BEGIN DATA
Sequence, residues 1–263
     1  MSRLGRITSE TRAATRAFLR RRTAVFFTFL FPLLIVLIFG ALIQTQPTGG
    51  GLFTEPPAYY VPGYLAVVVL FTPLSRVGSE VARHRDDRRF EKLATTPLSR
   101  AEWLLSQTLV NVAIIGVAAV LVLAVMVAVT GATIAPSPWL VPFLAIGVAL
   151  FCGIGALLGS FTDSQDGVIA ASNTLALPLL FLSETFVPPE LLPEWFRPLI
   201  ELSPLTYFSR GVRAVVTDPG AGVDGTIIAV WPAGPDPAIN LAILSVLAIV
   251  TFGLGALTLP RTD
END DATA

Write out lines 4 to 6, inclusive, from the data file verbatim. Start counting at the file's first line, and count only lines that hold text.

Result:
   101  AEWLLSQTLV NVAIIGVAAV LVLAVMVAVT GATIAPSPWL VPFLAIGVAL
   151  FCGIGALLGS FTDSQDGVIA ASNTLALPLL FLSETFVPPE LLPEWFRPLI
   201  ELSPLTYFSR GVRAVVTDPG AGVDGTIIAV WPAGPDPAIN LAILSVLAIV